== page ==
Frank Rich. Person of the Decade

Time after time, since I first discovered him writing a column in Section P (Arts and Leisure) of the New York Times, Frank Rich has surprised and delighted me but today he surprised and disappointed me.

As always, he has woven a glorious narrative knitting far flung ideas around a familiar but unlikely concept. Today’s concept is the idea that America likes to create mythic figures out of malevolent schemers and the dishonest schemes that they create. The malevolent schemer who prompted today’s rambling magnificence is Tiger Woods.

I have so far managed to avoid finding out what Tiger did because, as far as I know, it is a private thing and none of my business [if I made mistake and it really is something that concerns me, please let me know and I’ll go investigate and revise this rant – ed] so I don’t quite see what Tigers travails has to do with the rest of Rich’s otherwise excellent tour of the schemes and schemers who have so blighted the decade.

Back when Rich was still the NY Times’s drama critic, he managed to cover a lot of ground that the main editorial section was afraid to touch. He called bullshit on the weapons of mass destruction story that was running on the front page and that got the NYT in so much trouble (and the author in prison); he was against the Iraq war when the paper’s official position was that maybe we should slow down and think about this a little more.

If the pen is mighter than the sword, imagine how mighty you’d be writing with a sword dipped in ink. Well, Rich uses a machete and wields it in the direction of the greatest villains of our time. There were days in 2003 when it seemed like only Jon Stewart and Frank Rich were unafraid to say out loud what everyone else whispered in secret and the craven cowards of the NY Times editorial board merely suggested that they were somewhat unhappy with the situation in Iraq.

I can only imagine what it must have been like to be the editor of the Art Section when Rich’s latest column dropped in your inbox. Er… Frank, this stuff about Yellowcake Uranium is great but you know that Andrew Lloyd-Weber has anew show opening on Monday?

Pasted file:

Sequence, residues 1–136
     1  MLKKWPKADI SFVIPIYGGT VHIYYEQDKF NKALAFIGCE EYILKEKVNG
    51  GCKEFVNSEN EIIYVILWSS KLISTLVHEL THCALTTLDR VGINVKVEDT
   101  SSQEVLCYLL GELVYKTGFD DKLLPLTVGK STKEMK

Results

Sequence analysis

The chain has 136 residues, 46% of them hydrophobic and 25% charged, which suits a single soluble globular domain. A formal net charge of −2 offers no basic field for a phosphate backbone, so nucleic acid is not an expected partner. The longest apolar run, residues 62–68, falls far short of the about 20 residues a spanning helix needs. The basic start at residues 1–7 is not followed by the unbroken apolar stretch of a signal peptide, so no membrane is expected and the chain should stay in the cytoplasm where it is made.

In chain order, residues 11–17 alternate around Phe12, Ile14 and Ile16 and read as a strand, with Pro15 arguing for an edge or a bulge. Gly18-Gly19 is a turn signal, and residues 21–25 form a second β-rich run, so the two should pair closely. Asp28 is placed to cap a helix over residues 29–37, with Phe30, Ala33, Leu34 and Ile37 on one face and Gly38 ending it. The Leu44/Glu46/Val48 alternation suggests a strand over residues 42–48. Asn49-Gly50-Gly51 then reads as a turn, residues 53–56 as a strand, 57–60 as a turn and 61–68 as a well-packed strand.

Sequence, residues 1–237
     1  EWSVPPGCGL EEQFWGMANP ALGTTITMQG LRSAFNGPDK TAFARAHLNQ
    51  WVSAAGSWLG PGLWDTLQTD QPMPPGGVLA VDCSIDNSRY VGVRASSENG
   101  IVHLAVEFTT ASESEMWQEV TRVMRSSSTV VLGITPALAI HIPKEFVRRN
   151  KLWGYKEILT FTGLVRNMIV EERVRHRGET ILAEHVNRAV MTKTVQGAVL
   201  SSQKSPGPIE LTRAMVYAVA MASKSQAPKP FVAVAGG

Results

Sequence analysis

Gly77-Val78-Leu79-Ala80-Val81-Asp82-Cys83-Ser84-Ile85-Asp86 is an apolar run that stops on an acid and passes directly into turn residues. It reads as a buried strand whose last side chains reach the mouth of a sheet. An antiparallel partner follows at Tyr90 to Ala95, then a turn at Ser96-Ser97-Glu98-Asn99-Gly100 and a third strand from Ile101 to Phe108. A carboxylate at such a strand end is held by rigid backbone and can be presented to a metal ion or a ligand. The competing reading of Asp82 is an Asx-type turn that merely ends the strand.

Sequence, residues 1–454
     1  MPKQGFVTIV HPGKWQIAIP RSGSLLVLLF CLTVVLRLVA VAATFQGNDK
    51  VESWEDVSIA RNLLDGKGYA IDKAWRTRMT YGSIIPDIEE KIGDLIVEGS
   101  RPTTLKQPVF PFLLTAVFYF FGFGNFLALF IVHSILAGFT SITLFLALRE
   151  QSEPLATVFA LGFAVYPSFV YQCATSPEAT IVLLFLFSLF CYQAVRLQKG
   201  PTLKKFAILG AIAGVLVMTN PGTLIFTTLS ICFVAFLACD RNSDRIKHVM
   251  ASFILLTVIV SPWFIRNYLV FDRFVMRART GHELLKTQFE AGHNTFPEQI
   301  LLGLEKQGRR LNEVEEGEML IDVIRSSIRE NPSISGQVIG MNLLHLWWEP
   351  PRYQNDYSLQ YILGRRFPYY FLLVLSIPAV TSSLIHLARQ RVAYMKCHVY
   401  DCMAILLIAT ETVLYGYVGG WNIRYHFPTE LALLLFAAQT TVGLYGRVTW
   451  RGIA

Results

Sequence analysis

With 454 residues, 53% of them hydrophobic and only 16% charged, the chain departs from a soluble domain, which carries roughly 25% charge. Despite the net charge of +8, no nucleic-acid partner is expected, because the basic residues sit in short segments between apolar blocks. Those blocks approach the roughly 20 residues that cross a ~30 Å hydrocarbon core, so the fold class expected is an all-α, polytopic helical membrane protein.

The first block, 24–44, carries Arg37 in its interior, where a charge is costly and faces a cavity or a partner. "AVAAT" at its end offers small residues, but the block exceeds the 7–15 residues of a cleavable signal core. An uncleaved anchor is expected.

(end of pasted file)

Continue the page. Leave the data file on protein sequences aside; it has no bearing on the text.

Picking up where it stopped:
So. I really like Frank Rich. I think he is an American hero. But he is supposed to be going after the hard targets, not golfers who are having wife troubles.

Back in the days of my youth, Daley Thompson was a Great British Hero. He had displayed the same effortless transcendence as Tiger and, like Tiger, he excelled at his sport (the Decathlon). I remember him having a run in with the press for some stupid thing (that I don’t remember) and I remember thinking that he had a certain power in his hands. If Daley were to make the nasty, crawling British Press an offer…

You can have my public life but leave my private life alone…or…it’s all over and I quit. Your choice. Choose now.

He could have driven a spear into the heart of the beast from which it would never recover. I wish there were a way for Tiger to do the same.

Maybe he could call Daley and they could work on it together?

Fastest Hymn Sheet Monitor in the West

I was delighted to find that someone had left me the full lyrics for Judas and Mary I love strangers!

They are my favourite people. So kind. It made my morning.

The hymn sheet story was also a good excuse to get in touch with Mark who used to operate the other Hymn Sheet Contraption. He claims that he and Iain Turner were much faster than Graham Burton and I because Iain was a giant and Mark was really quick with numbers. If course, I don’t believe him because he also claims that he beat me in my very first 100 metres and everyone knows that’s just patently untrue.

The track at Chis and Sid was on not-very-well-kept grass (in the winter it was a rugby pitch) and was carefully arranged so that the home straight was up hill against a constant headwind. It made long distance races brutal because you’d be trying for a big finish but as you turned the corner a gale would kick up and you’d be struggling up the hill as your last reserves of energy seeped away.

Anyway, our school was big on sports and everyone had to do rugby or cross-country in the winter and cricket or athletics in the summer. Our summer PE lessons would have us going through all the track and field events one by one and the first we ever did was the 100 metres and I was in the same race as Mark.

It being my very first race and all, I didn’t know how to pace myself and I started rather slow. By 50m, I was a few paces behind the pack but I had a big finish and passed several people in the last 20m. I just managed to squeak by Mark at the finish line to finish in 14.2sec (that sounds crap, but remember it was uphill and against the wind and we were only 12).

Mark still maintains that he beat me that spring day in 1978 but we both know the real truth. I think the only way to resolve this issue is if we have a re-match.

How about it Mark? Are you scared?